ARC Review: Finding Audrey by Sophie Kinsella


Finding Audrey
Series: None
Author: Sophie Kinsella
Published June 4th 2015 by Doubleday Childrens

Goodreads Synopsis
A laugh-out-loud romance from the bestselling author of the Shopaholic series.
Meet Audrey: an ordinary teenage girl with not so ordinary problems.
Aside from her completely crazy and chaotic family, she suffers from an anxiety disorder which makes talking to her brother's hot new best friend a bit of a challenge.
But Audrey has a plan to help her face her fears and take on the world again. First stop: Starbucks.

I received an Advance Reader Copy from the publisher via NetGalley. This in no way impacted on my view.

Going into this book I wasn't entirely sure what it was all about. To me, the synopsis was slightly misleading, but I still adored the book nonetheless.

Finding Audrey tells the story of Audrey, a teenager suffering from social anxiety, trying to deal with day to day situations that the majority of people would have no problem with. I especially enjoyed the way Kinsella dealt with this issue, as it was never sugar coated or glossed over with; she went right into the nitty-gritty of the situation.

The family dynamic was downright beautiful, as it showed each of the five family member as their own individual person, with their own issues and personalities, that mesh together really well. I found the mam slightly annoying at first, but the more we got to understand the whole situation, I realised that what I'd originally disliked was actually her coping mechanisms, and, therefore, I valued her difficulties even more. Frank and Audrey's brother-sister relationship is just what I'd imagined it would be - the big brother trying to protect his baby sister - and I again felt like this was dealt with perfectly.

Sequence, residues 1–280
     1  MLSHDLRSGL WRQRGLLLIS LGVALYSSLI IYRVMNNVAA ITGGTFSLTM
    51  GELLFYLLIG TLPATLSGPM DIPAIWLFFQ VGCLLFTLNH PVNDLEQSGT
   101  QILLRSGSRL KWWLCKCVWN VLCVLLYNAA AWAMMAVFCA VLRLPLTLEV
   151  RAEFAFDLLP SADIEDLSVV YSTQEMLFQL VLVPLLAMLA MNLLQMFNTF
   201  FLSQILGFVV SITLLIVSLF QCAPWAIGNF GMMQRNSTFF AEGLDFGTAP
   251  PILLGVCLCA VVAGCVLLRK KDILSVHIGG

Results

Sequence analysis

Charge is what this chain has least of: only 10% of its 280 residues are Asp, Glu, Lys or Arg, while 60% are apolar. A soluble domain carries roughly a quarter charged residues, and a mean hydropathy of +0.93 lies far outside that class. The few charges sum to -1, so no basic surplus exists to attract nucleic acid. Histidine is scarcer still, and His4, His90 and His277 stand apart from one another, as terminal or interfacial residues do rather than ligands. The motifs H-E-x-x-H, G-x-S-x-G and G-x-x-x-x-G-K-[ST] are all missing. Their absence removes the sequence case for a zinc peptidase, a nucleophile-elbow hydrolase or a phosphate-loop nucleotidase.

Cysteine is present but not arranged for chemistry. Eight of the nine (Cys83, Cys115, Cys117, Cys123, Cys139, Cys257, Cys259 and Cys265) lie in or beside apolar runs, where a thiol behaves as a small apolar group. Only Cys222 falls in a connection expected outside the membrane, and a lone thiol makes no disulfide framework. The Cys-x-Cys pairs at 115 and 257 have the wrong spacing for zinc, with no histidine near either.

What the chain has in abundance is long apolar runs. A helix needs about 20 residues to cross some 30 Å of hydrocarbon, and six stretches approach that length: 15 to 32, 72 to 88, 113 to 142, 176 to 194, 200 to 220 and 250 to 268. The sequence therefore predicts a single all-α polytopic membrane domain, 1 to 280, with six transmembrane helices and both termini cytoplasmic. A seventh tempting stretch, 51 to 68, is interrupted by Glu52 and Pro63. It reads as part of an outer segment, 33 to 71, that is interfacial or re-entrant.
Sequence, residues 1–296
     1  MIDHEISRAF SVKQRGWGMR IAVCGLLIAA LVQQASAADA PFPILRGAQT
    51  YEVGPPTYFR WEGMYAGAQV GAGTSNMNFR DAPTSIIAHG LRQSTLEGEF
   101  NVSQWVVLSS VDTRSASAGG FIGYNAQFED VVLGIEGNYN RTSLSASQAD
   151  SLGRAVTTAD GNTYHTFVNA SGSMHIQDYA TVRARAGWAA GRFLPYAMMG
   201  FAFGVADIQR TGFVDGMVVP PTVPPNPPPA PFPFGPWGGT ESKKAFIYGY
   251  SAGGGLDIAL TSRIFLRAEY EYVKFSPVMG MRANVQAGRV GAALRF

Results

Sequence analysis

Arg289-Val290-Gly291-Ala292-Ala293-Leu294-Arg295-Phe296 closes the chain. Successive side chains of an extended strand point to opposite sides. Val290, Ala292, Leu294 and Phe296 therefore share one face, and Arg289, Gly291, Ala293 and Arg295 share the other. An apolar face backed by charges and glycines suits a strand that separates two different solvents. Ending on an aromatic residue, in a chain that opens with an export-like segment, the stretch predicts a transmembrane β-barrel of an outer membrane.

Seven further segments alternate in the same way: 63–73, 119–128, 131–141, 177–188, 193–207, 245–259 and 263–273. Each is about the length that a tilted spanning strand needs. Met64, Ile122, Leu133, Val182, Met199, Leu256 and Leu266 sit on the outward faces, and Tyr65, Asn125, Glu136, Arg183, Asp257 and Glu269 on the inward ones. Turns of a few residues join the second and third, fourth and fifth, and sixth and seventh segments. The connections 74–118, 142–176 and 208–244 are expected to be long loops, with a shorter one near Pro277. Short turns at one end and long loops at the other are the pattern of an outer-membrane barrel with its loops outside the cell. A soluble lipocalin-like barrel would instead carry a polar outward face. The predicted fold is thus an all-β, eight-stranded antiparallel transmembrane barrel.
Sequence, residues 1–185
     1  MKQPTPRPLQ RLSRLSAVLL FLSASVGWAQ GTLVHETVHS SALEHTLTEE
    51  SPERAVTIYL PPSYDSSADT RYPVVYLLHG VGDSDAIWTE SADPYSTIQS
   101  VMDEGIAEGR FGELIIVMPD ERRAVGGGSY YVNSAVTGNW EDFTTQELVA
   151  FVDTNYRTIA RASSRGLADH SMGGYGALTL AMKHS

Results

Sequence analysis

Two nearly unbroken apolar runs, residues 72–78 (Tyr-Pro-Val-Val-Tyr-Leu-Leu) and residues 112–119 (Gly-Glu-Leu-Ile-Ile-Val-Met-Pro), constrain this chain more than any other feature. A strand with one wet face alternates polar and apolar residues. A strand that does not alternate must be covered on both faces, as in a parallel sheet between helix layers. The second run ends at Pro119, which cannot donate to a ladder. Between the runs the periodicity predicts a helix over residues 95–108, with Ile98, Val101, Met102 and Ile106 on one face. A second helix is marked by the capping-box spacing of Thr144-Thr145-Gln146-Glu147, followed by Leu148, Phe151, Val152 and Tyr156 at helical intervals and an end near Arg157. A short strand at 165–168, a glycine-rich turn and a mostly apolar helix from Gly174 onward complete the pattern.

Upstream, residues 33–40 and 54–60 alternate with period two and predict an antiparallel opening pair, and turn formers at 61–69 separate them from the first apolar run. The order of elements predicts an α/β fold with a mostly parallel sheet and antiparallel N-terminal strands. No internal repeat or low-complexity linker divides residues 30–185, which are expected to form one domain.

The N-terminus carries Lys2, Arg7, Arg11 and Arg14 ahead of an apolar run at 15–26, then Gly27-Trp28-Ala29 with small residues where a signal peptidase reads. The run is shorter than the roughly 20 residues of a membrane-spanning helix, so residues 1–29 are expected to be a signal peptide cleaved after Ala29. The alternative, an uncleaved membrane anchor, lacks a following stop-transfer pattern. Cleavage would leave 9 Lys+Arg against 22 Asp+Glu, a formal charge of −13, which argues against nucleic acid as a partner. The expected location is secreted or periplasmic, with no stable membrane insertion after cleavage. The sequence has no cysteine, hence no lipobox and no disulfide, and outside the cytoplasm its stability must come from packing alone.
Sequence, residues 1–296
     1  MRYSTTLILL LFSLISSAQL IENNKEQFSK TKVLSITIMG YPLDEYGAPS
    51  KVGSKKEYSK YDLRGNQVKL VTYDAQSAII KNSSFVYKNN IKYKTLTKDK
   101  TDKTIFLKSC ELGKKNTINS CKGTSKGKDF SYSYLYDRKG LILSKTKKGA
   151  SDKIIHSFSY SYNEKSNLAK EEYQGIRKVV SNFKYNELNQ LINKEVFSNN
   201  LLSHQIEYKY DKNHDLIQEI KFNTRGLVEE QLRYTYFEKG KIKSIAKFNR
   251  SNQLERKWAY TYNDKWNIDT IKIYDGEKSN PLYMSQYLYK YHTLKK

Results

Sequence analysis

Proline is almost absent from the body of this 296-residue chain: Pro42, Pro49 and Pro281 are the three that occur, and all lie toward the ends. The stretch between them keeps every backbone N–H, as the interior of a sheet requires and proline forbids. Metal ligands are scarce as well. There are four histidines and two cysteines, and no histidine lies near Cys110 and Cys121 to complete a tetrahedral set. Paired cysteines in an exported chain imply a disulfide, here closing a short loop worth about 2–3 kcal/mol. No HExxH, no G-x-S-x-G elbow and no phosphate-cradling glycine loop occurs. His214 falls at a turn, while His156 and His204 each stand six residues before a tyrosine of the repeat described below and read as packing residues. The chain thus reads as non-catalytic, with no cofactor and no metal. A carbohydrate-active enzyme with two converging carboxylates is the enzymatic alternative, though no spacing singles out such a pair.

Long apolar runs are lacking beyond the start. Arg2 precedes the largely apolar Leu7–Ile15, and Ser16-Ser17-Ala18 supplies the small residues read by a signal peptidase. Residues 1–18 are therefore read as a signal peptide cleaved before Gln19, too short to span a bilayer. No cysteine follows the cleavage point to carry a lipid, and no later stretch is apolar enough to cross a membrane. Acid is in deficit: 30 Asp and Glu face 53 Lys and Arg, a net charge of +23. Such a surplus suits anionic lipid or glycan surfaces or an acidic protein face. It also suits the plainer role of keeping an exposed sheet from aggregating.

Considering all this, I loved the romance even more than anything else. Linus was just the love interest Audrey needed, he pushed her just far enough that she could succeed, but was there for her to fall back on if it all got a bit too hard. What was especially amazing was how Kinsella made the romance important, but not to the detriment of Audrey's character. Audrey was strong enough to succeed on her own, but she had no problem to turn to the people around her to help.

UKYA is a particular soft spot for me, and the Britishness of this book made it feel so much more relatable, as if I could understand the bulk of Audrey's situation, though I've never faced something as painful as having anxiety. I could relate to the horrors of being a victim of bullying, as I had been at school, and whilst the full events of what happened to Audrey remain a mystery, I felt this was, again, something dealt with perfectly.

I can not recommend this book enough, and I seriously hope Sophie Kinsella writes more YA Fiction in the future.

Dates Read:
April 29-May 1 2015

5 Stars  

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